Obama was effective last night. Over the past 15 years, most SOTU addresses have been labored and dull, enlivened only by corny and forgettable "real people" moments. Somehow, the political theatre moments worked last night, even though the motif was not new. Seeing a woman of 102 years who had been asked to stand for hours to vote was bizarre, almost comical, but stirring. I saw her and thought Rosa Parks. That was an immediate emotional association, not a logical one. (Parks' fame did not come from a voting protest but from a public facilities protest.). Desiline Victor connects this moment to a lot of other moments in our national life, when intransigence and ill reason among the powerful led to perverse results for decent, ordinary people, like Rosa Parks and Desiline Victor. The speech worked when it showed current obstruction in this moral light. Obama was, in his nice reasonable way, portraying his opponents as bad citizens, with bad values and bad motives even more than bad ideas. (They hustle old ladies.). This was no technocratic message. As in the inaugural, Obama cast his opponents not as personal political foes but as opponents of progress, of decency, of reason, of discourse--in short, as opponents of the sound practice of citizenship. He made them into quacks and fakirs, unworthies. In the practice of politics, they are beyond precedent. In the goals of policy, they are beyond coherence and reason. They are on the wrong side of both history and tactics, choosing poor means in pursuit of ignoble ends.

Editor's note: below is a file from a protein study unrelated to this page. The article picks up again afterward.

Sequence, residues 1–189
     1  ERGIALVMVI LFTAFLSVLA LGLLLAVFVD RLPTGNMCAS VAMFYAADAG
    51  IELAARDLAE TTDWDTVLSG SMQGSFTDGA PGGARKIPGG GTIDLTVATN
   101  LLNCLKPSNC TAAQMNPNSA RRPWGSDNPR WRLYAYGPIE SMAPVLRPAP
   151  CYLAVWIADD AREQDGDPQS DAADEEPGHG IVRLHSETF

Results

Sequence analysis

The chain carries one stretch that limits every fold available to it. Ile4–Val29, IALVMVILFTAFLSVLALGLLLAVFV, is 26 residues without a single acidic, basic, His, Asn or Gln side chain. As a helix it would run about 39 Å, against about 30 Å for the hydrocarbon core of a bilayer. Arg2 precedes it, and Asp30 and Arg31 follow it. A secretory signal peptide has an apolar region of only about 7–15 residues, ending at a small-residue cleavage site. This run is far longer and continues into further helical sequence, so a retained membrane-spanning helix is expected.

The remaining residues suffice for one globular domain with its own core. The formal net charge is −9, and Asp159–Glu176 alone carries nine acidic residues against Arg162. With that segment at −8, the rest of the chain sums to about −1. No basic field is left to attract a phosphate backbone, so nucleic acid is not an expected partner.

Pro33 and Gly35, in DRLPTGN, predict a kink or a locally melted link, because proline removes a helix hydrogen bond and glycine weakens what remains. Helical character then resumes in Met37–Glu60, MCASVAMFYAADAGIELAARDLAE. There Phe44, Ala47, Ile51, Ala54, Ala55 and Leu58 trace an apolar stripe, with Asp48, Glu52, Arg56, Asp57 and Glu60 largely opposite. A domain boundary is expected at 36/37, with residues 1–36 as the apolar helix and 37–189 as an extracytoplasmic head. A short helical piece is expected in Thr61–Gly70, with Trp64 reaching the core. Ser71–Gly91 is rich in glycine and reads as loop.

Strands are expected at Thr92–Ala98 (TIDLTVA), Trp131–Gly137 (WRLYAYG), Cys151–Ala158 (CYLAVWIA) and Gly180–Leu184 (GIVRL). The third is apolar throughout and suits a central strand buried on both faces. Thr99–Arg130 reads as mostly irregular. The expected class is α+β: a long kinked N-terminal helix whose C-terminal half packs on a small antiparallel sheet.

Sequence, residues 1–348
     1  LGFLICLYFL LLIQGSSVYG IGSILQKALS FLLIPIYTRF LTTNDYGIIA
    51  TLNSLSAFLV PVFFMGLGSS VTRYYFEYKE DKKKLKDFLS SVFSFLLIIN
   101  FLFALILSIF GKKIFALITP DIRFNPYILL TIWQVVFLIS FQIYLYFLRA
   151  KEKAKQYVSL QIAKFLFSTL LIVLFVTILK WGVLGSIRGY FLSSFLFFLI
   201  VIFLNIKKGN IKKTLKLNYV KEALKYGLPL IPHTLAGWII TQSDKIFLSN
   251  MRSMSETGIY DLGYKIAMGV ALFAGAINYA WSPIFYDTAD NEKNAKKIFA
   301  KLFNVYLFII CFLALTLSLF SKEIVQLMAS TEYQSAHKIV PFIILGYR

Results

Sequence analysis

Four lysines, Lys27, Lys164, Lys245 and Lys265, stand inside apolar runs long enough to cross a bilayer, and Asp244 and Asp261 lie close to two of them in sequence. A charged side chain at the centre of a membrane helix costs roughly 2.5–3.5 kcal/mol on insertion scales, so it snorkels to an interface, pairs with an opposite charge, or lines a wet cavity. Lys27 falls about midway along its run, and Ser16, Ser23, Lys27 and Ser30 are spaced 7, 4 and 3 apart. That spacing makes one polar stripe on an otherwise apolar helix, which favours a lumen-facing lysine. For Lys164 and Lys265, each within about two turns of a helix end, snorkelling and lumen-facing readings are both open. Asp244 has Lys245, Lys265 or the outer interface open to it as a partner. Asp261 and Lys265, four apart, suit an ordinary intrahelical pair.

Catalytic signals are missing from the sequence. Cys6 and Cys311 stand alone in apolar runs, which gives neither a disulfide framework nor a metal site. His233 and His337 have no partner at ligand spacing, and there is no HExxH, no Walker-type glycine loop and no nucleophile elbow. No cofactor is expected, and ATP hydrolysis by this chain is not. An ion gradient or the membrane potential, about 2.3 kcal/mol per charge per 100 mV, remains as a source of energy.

Will the interpreters of politics begin to accept what Obama is arguing--that the opposition lacks the moral and intellectual credibility to lead? That It has become unsound, cracked up, departed from the great traditions of citizenship? Will they remove the presumption of credibility that attaches to the GOP? Will they acknowledge that the party has come unmoored?

  • President Lindsay on February 13, 2013 4:50 PM: